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Verizon and Cablevision: Market Share after the Altice Transaction

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Cablevision’s Internet speeds in the future

In the earlier parts of this series, we learned that the Cablevision (CVC) acquisition by Altice (ATCEY) is expected to close soon. The New York Public Service Commission (or PSC) put forth some conditions for the Cablevision transaction, which were accepted by both companies on June 16, 2016.

According to the PSC, as part of these conditions, “Altice will triple the speed of its network to 300 Mbps by the end of 2017, increase high-speed broadband access in rural and urban communities in its service territory, provide new low-income broadband offerings and deliver free broadband Internet access to 40 anchor institutions in unserved or underserved areas.”

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Verizon Fios and Cablevision

An improving broadband proposition with higher Internet speeds should positively affect Cablevision (CVC), considering the competitive dynamics in its industry. Verizon (VZ) and Frontier Communications (FTR) are among Cablevision’s competitors.

Verizon Fiis’s Internet speeds range from 50 Mbps to 500 Mbps. Cablevision estimates that by the end of 1Q16, Verizon Fios competed with it in the majority of its footprint. Cablevision added that Frontier competes with CVC in its Connecticut service area.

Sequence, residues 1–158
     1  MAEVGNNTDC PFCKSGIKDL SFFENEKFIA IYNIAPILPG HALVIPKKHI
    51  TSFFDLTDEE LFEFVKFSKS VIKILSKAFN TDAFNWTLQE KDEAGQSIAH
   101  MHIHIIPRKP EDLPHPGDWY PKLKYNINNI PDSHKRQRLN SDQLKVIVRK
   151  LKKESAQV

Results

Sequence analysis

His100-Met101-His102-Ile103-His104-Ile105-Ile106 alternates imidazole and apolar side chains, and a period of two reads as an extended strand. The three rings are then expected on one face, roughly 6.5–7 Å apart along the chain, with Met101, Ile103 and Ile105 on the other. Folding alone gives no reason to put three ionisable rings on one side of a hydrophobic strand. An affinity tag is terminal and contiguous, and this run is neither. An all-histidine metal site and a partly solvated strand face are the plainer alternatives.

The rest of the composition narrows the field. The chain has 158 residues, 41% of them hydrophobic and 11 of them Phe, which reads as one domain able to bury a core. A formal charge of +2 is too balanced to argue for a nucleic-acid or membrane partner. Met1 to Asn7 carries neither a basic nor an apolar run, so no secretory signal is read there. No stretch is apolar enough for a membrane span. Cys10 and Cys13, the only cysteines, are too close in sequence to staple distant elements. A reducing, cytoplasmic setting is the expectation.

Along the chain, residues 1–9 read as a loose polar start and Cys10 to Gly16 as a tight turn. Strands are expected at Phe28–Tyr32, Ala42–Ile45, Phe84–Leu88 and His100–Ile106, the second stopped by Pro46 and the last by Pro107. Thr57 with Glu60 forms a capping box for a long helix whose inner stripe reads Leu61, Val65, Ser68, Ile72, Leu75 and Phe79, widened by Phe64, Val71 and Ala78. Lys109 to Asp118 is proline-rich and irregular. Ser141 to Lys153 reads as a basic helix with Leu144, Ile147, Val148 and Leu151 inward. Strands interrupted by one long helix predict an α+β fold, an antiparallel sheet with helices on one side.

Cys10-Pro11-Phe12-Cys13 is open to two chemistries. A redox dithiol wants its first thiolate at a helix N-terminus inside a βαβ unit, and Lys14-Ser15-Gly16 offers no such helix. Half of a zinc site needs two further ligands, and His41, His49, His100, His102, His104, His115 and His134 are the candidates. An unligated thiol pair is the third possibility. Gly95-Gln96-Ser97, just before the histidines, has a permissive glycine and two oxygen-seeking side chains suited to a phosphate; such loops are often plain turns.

According to Moody’s Investors Service, it “expects Verizon to gain market share if Cablevision stumbles operationally. However, Cablevision’s industry leading market share reflects solid operating performance, despite weak overall industry video subscriber trends.”

By the end of 1Q16, high-speed data penetration in Cablevision’s serviceable passings totaled 55.6%.

For diversified exposure to some of the top cable companies in the US, you may consider investing in the SPDR S&P 500 ETF (SPY). SPY held a total of ~0.9% in Comcast (CMCSA) (CMCSK) and Cablevision (CVC) at the end of May 2016.

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